Thursday, June 10, 2010

Bonus Video: Jim Bailey Channels Judy Garland

If imitation is the sincerest form of flattery, then Jim Bailey could easily qualify as Judy Garland's publicist!

It always shocks me - if I haven't seen this clip for awhile - how utterly perfect Bailey's impersonation is; more than just a parodic pastiche of mannerisms and catch phrases, Bailey seems to become inhabited by the lady herself.

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Judy Garland on "What's My Line?"

One of the greatest revelations for the Pop Culture Institute during 2009 was the vast number of What's My Line? clips available on YouTube - including this one, starring the inimitable Judy Garland as the Mystery Guest for the week of March 5th, 1967. During its record-setting run (eighteen seasons from 1950 to 1967!) the Mark Goodson and Bill Todman produced effort attracted some of the biggest names in entertainment to the small screen.

As hosted by John Charles Daly, What's My Line? featured regular panelists - in this case Arlene Francis, Tony Randall, Susan Oakland, and Bennett Cerf - trying to either guess the unusual profession of a guest or (the special treat of the show) donning blind-folds and trying to guess the identity of the famous person doing their best not to be recognized. In Judy's case this meant no speaking at all - since her voice could never have possibly been concealed, so popular was it.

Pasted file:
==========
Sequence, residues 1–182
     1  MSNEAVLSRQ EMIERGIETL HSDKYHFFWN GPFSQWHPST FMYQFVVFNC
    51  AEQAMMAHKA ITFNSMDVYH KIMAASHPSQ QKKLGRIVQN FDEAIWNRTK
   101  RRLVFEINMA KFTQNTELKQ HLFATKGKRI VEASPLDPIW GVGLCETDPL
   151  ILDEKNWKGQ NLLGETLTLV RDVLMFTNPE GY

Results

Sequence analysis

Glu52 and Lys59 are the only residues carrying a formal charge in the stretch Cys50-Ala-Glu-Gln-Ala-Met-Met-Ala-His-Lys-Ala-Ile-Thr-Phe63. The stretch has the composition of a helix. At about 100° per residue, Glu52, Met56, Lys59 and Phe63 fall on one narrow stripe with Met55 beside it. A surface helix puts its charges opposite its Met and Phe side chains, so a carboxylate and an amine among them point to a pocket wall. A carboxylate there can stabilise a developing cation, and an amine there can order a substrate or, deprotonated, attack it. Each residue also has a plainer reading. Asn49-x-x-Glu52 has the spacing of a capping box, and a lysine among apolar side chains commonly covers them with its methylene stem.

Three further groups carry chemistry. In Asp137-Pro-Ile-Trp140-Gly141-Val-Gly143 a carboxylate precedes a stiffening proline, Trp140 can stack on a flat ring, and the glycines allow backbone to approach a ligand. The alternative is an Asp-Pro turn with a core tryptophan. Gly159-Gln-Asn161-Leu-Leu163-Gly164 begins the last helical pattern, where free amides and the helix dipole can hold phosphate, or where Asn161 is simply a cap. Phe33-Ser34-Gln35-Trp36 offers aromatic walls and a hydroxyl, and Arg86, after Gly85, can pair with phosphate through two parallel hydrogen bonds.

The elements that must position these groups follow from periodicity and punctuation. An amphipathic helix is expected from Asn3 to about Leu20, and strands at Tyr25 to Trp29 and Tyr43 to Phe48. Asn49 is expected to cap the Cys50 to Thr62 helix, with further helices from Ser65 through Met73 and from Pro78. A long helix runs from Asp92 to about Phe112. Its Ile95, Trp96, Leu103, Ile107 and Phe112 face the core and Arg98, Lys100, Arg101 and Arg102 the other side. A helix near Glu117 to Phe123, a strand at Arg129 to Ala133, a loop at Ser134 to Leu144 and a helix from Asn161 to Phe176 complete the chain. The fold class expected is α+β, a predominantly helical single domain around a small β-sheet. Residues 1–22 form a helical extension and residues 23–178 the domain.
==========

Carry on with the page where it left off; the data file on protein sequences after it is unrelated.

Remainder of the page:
For entertainment historians as well these miniature kinescope time capsules often yield a couple of gems in and of themselves; in this case, Judy talks about having just come from her daughter's wedding... That the daughter in question was Liza Minnelli and the new son-in-law Peter Allen and the marriage in question a famously well-documented train-wreck adds more than a soupçon of amusement! Another throwaway quip has the obviously intoxicated Garland discussing her upcoming appearance as Helen Lawson in the film version of Jacqueline Susann's once-racy 1966 novel Valley of the Dolls*; in discussing her role, Garland claims her unsuitability for it, saying 'She's the only one in the book who doesn't take pills'.

*Alas, it wasn't to be; Garland proved uninsurable, and the role went to Susan Hayward. Susann was said to have based the novel's ingenue - Neely O'Hara, played in the film by Patty Duke - on the young Judy herself.
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"Let Me Entertain You/Two Lost Souls" by Judy Garland and Liza Minnelli